Call for Papers: Gendered food practices from seed to waste

Call for papers for the Yearbook of Women’s History (2016)

Traditional food festival

Pastoralist women at traditional food fair in Gujarat, India  (photo credit: MARAG)

 

Gendered food practices from seed to waste
Guest editors: Bettina Bock and Jessica Duncan

About the Yearbook

The Yearbook of Women’s History is a peer-reviewed academic annual covering all aspects of gender connected with historical research throughout the world. It has a respectable history in itself, reporting on issues concerning women and gender for 35 years. The Yearbook has addressed topics such as women and crime, women and war, and gender, ethnicity and (post)colonialism. Overtime the Yearbook has shifted focus from purely historical analysis to a broader historical and gender analysis, focused on women’s and men’s roles in society. By focusing on specific themes, the Yearbook aspires that each issue crosses cultures and historical time periods, while offering readers the opportunity to compare perspectives within each volume. There has been one previous issue related to food: Gender and Nurture (1999). The present volume is a follow-up and aims to testify to differences in scholarly approaches in this field since the 1990s.

About the Annual Issue

In nearly all societies gender has been and continues to be central in defining roles and responsibilities around food production, manufacturing, provisioning, eating, and disposal. Food–related work and practices along with context and cultures serve to construct and reinforce identities and social structures. At the same time, the gendered practices around food are complex and often contradictory. Much of the literature on gender and food explores these complexities and contradictions but continues to make use of dichotomies (i.e., rural/urban; local/global; producer/consumer; large-scale/small-scale; man/woman; past/future) that are increasingly less suited to critical analyses of the fluidity of experiences and science and thus limit our ability to better understand relationships between food and gender.

This raises questions about what then takes place in the in-between spaces, i.e. where producers are also consumers; where gender roles and norms are challenged; where local custom challenges global standards? What concepts, categories, discoveries, and theories can help expand our understanding of gender when it comes to food, and of food when it comes to gender?

The 2016 Yearbook of Women’s History will explore these questions by following food-related practices across time and space from ‘seed to waste’. Papers will consider gendered practices across the food production cycle across the globe from various disciplinary perspective and intersection points (i.e., age, race, sexuality, class) so as to uncover new insights into the impacts, implications and shifting relations of gender across food system, including practices undertaken in and across:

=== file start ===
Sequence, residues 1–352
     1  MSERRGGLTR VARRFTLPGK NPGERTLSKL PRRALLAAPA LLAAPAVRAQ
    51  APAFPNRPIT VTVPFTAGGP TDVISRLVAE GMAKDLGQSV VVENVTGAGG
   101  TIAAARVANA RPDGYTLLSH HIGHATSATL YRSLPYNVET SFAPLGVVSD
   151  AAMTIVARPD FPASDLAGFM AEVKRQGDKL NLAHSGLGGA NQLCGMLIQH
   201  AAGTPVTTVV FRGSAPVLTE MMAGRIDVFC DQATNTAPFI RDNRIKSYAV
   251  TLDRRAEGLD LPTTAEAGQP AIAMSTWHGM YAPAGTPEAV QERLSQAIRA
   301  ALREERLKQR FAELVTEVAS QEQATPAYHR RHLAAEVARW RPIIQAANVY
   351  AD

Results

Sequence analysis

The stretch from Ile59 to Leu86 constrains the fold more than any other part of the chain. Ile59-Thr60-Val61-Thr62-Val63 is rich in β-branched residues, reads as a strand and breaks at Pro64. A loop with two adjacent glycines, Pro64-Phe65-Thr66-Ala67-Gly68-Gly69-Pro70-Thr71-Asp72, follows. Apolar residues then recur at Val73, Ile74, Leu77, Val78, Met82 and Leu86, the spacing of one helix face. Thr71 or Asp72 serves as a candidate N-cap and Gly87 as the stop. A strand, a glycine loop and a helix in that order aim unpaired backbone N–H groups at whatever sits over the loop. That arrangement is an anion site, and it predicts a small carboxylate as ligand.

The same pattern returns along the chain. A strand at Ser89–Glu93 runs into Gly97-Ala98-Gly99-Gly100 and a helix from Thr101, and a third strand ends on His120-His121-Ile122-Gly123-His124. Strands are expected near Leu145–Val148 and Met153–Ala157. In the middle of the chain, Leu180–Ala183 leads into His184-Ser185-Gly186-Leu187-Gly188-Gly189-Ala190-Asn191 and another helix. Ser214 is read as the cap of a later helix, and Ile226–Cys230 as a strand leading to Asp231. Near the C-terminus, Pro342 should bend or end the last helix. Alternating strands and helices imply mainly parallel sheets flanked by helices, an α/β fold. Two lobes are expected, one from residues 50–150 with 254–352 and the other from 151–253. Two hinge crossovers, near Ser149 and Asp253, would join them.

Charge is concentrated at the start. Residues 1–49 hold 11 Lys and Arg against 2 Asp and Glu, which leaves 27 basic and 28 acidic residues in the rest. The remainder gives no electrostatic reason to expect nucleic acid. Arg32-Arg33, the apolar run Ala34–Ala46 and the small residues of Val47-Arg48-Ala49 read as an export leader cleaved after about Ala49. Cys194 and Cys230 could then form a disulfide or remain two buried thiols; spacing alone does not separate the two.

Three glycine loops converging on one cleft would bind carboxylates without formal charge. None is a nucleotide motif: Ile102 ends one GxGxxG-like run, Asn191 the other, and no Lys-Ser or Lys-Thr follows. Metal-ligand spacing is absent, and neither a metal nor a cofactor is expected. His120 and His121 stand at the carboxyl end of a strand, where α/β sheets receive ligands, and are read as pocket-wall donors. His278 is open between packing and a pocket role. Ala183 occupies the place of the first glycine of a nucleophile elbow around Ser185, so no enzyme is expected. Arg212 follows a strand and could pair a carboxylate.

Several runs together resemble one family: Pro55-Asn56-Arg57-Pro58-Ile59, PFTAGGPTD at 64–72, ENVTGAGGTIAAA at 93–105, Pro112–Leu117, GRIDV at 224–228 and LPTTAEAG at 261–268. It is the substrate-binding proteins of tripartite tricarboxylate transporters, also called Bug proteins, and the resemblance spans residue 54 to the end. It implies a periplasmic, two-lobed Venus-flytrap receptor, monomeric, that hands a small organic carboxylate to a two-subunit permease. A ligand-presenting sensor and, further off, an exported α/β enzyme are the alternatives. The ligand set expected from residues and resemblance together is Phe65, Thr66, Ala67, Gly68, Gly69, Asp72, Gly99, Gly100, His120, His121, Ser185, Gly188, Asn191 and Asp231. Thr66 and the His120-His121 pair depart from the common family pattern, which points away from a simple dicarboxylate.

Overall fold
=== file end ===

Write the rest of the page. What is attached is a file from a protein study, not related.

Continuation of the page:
• Food growing;
  • Processing;
  • Selling;
  • Buying;
  • Cooking;
  • Serving/service;
  • Eating;
  • Cleaning;
  • Disposing.

The deeply interdisciplinary special issue will bring together a diverse collection of innovative and accessible articles. In exploring the questions raised above, we encourage authors to interrogate traditional categories, dichotomies, and binaries and contribute to the advancement of understanding of the dynamics and relationships between gender and food. Above all, we are interested in papers that go beyond questions about women and food to explore changing understandings and boundaries at the intersection of food and gender across time and space.

We encourage authors of all disciplines and locations to submit abstracts (maximum 300 words) before 20 February 2016 to Evelien Walhout (editorial secretary): e.walhout@let.ru.nl

Timeline

  • Deadline abstracts: 20 Feb. 2016
  • Deadline first version papers: 2 May 2016
  • Peer review: 16 May 2016
  • Deadline second version: 1 July 2016
  • Final editing: 1 Sept. 2016
  • Publication: November/December 2016

Short Bios of Guest Editors

Bettina Bock is Associate Professor in Rural Sociology at Wageningen University (The Netherlands). She is the editor in chief of Sociologia Ruralis. She holds a PhD in rural sociology based on a study of gender and rural development policy and practice defended in 2004. Her research projects include rural development and social innovation, rural gender relations, as well as sustainable food consumption and production.

Originally from Canada, Jessica Duncan is Assistant Professor in Rural Sociology at Wageningen University (The Netherlands). She is an Associate Editor of the journal Food Security and co-chair of the Food Policy and Governance Research Network of the European Consortium for Political Research. She holds a PhD in Food Policy from City University London. Her research areas include: food policy; food security; global governance; social practices; gender; and participation.

 

 

This entry was posted in Food, Research and tagged , , by foodgovernance. Bookmark the permalink.

About foodgovernance

Jessica Duncan is Assistant Professor in the Rural Sociology Group at Wageningen University. Originally from Canada, she lived in France, Spain and the UK before coming to the Netherlands. She holds a PhD in Food Policy from City University London and is the author of the book Global Food Security Governance: Civil society engagement in the reformed Committee on World Food Security (Routledge, 2015, http://www.routledge.com/books/details/9781138802520/ ). Her research areas include: food policy; food security; global governance; environmental policy; participation; rural sociology. She is particularly interested in transitions towards environmentally sustainable food security governance.

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